Oh, the things people will do when they are horny

In high school, I read a book on behavioral economics called Predictably Irrational. It’s by a pretty popular figure within behavioral economics named Dan Ariely[W]. I liked the book a lot. He basically goes through a few different studies he’s done over time and shows how humans behave under different circumstances, as well as various things companies could create to help calm irrational people down.

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The Doll Tests

In the era of Brown v. Board, a series of experiments were presented in order to prove the harmful effects of segregation on black children. The design was thought up by Kenneth and Mamie Clark: essentially, they used multiple dolls of different races and asked students in segregated schools to pick which doll they preferred. What they showed was that black children were more likely to pick the white dolls over the black dolls (Clark and Clark, 1947). While this set of studies was not fundamental in the Brown v. Board case, they are probably the most well known part of it. This is despite the test being very bad.

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Correlates of discriminatory behavior

In this post, I am going to go over a number of different predictors and correlates of discriminatory behavior and prejudiced behavior, such as racism, sexism, homophobia, etc. The main topics discussed will be personality correlates of discrimination, cognitive functioning of people who are more discriminatory towards others, and the heritability of discrimination.

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Psychedelics Don’t Cause Psychosis

The main thing that people fear from psychedelics, aside from the harms of intensely bad trips (which can be prevented through proper drug education, instead of constant fear mongering), is that these drugs allegedly cause people to develop psychotic symptoms. Given my positive view on drugs on Twitter and in other blog posts, you can probably, correctly, guess I think this is BS.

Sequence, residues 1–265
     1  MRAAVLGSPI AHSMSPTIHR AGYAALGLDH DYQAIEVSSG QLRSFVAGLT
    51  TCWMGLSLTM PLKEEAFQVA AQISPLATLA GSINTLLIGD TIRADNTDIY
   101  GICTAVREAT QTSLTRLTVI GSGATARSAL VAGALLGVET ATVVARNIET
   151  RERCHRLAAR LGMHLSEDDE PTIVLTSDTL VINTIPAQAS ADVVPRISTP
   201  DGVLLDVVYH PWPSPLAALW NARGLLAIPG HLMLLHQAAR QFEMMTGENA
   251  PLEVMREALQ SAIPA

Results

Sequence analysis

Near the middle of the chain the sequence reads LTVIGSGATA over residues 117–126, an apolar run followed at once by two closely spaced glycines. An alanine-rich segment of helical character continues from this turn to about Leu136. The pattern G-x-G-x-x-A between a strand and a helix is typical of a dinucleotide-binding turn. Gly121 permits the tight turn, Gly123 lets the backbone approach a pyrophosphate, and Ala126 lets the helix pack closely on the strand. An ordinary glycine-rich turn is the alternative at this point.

I didn’t want to go and describe the details of all the studies on this, so here’s a table of some larger studies I’ve known of. Basically, once you control for familial risk factors, usage of other drugs, etc. the effect disappears. Considering psychedelics are a good way of dealing with most of these problems, I see no problem with the usage of these controls. Some may criticize that not all of this research is directly related to psychotic symptoms or schizophrenia. Sure, but the fact that psychedelics decrease violence and mental health problems is surely decent evidence for now.

Johansen and Krebs, 2015Massive study (N > 130,000) found psychedelic usage was not associated with mental health problems like suicidal behavior, depression and anxiety, etc. when controlling for sociodemographics, other drug use and childhood depression.
Nesvag et al., 2015Replies to last study and argues they over-adjusted in their methodology. The authors argue the study should be done with a different sample to provide accurate results. [note on this paper at bottom]
Hendricks et al., 2015aUsage of main psychedelic substances was associated with significantly reduced likelihood of past month psychological distress, past year suicidal thinking, past year suicidal planning, and past year suicidal attempts.
Hendricks et al., 2015bPsilocybin usage provides benefits expanded upon in last source
Ajantaival, 2014“No independent association between any recency of any psychedelic use and increased likelihood of past month psychological distress, past year suicidality, or everyday impairment was found. A decreased likelihood for past year suicidal thinking was found among all groups that had last used psychedelics >12 months ago or psilocybin <1 month ago, as well as for past year suicide plans and past month serious psychological distress among those whose last psychedelic use was psilocybin >12 months ago.”